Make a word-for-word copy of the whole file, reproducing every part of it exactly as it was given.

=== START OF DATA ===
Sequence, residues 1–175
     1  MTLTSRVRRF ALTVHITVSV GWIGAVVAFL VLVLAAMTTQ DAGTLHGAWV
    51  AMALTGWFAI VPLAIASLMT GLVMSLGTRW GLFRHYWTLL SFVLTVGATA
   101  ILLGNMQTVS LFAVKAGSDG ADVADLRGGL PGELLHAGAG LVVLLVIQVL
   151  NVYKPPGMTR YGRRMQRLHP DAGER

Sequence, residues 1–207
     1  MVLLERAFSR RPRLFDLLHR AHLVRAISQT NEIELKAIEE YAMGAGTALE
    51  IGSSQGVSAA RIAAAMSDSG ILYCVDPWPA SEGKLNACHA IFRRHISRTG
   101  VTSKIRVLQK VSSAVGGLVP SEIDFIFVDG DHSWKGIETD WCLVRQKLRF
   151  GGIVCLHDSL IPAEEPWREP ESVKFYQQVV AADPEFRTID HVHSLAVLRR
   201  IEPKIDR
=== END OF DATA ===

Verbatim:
Sequence, residues 1–175
     1  MTLTSRVRRF ALTVHITVSV GWIGAVVAFL VLVLAAMTTQ DAGTLHGAWV
    51  AMALTGWFAI VPLAIASLMT GLVMSLGTRW GLFRHYWTLL SFVLTVGATA
   101  ILLGNMQTVS LFAVKAGSDG ADVADLRGGL PGELLHAGAG LVVLLVIQVL
   151  NVYKPPGMTR YGRRMQRLHP DAGER

Sequence, residues 1–207
     1  MVLLERAFSR RPRLFDLLHR AHLVRAISQT NEIELKAIEE YAMGAGTALE
    51  IGSSQGVSAA RIAAAMSDSG ILYCVDPWPA SEGKLNACHA IFRRHISRTG
   101  VTSKIRVLQK VSSAVGGLVP SEIDFIFVDG DHSWKGIETD WCLVRQKLRF
   151  GGIVCLHDSL IPAEEPWREP ESVKFYQQVV AADPEFRTID HVHSLAVLRR
   201  IEPKIDR